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La Paz Climate

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If you love the heat, you will love La Paz. This is where desert meets ocean.

The area has two distinct seasons. Summers are five months long, can be extremely hot and sometimes muggy. Summer evenings bring Coromuel winds that have some cooling effect. The winds are created when the cool marine air from the Pacific side of the peninsula is drawn over the desert to the relatively warmer side of the Sea of Cortez, also referred to as the Gulf of California. It only occurs in the La Paz area because it is the only place on the peninsula that does not have a spine of mountains blocking the air flow. The sea also helps moderate the afternoon heat.

The average high in January is about 75 F but soars to nearly 98 F in July. The average low in January is about 52 F, jumping to 73 F in July. The winters are short, comfortable and dry. The hottest part of the day is the mid-to-late afternoon when, during the summer rainy season, temperatures can hit the upper 90s or sometimes exceed 100 F.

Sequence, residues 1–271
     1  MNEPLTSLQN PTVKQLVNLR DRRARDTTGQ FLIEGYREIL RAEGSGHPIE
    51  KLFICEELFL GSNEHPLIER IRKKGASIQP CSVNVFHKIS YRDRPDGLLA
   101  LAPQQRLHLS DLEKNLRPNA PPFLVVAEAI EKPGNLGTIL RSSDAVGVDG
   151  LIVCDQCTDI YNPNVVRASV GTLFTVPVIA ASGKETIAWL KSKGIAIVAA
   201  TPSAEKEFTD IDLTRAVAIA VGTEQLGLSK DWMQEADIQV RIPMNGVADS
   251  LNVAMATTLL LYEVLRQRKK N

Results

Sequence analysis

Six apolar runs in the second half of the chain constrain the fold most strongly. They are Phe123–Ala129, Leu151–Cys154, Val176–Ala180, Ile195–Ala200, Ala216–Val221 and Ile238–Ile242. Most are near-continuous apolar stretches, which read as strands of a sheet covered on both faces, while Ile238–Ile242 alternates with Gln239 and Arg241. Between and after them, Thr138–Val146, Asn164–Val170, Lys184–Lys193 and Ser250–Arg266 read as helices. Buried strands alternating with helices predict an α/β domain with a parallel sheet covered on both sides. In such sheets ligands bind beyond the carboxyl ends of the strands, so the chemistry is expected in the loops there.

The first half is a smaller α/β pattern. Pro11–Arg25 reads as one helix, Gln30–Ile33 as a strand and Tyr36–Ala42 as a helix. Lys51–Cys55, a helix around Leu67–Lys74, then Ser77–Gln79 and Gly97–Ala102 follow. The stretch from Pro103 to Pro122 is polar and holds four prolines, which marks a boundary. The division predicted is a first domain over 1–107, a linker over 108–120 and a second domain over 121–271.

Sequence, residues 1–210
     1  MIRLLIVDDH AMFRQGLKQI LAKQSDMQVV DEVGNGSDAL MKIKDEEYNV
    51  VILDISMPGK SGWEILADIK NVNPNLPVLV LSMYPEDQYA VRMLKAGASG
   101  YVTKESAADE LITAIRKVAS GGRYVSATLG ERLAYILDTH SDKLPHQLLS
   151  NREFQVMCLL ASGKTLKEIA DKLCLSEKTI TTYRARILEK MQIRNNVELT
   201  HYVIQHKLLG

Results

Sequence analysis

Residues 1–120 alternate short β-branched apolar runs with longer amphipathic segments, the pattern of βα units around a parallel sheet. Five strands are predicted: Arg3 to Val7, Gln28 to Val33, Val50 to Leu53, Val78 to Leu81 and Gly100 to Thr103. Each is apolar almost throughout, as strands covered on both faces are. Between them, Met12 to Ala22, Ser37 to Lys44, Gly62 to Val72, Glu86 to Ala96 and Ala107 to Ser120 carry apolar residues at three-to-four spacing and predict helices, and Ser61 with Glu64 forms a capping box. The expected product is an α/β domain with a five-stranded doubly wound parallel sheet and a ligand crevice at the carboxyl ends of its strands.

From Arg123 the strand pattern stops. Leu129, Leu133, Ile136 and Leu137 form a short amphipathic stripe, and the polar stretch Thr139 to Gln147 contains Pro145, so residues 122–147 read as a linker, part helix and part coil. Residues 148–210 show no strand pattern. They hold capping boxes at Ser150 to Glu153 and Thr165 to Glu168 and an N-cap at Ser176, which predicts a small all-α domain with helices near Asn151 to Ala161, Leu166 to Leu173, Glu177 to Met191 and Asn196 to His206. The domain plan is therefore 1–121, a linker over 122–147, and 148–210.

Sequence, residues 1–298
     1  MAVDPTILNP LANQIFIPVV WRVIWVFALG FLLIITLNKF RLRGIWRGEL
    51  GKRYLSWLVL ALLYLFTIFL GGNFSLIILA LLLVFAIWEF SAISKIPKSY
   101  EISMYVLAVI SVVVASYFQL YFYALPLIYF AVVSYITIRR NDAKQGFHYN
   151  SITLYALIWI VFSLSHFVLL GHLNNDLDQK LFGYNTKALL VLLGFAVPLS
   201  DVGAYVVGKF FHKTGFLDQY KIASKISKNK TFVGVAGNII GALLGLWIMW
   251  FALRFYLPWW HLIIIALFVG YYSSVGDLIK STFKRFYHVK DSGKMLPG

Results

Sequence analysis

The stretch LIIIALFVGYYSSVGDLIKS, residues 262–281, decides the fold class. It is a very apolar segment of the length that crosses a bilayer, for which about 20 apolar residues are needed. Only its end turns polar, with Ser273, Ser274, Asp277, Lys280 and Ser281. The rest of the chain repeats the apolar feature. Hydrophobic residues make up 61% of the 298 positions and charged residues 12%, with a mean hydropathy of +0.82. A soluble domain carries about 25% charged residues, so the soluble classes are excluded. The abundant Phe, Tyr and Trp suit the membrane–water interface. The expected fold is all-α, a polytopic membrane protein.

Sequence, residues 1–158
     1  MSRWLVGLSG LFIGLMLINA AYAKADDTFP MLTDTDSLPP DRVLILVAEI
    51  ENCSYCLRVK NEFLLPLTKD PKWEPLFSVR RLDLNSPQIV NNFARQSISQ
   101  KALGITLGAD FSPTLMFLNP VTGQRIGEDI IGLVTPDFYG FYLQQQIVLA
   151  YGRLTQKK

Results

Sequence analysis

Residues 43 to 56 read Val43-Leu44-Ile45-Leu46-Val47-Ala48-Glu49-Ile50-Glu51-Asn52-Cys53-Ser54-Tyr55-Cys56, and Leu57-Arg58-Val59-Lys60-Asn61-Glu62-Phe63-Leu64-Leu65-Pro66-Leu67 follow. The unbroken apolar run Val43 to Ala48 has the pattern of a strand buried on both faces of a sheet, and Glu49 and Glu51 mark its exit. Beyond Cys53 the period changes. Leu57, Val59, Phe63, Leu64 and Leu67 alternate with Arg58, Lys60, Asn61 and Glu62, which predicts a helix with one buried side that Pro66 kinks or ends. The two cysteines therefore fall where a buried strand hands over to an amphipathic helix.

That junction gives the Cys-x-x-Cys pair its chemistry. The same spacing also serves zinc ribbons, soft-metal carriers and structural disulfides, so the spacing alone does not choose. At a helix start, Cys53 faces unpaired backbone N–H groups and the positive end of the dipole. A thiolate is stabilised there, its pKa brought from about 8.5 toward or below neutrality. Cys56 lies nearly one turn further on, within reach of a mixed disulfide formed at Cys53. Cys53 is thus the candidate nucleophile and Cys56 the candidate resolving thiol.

The rainy season is in the summer from June to October, producing an average of less than seven inches of rain per year. During these months the humidity is very high.  Winter is usually from the end of November to the end of February.

Cloud cover varies greatly during the year. The clearest days are in the spring, in the two months just before the rainy season. In April, there is zero chance of any significant precipitation. The cloudiest month is August, in the middle of the rainy season, with partial or complete cloud cover about 70 percent of the time. The wettest month is August. Winds tend to be from the west from March to October and from the north from October to March.

Water temperatures allow for swimming year-round. In the winter, the sea is about 70 F and in the summer and fall about 84 F. Water visibility is around 100 feet.

The southern Baja peninsula is subject to hurricanes with the season extending mid-May to the end of November. La Paz is afforded some protection as it is on the Sea of Cortez side of the peninsula. The last deadly storm to hit the peninsula was Hurricane Odile in 2016.

The area can experience earthquakes from time to time, but most of Baja’s notable quakes occur in the north of the peninsula.

Climate chart for La Paz, Mexico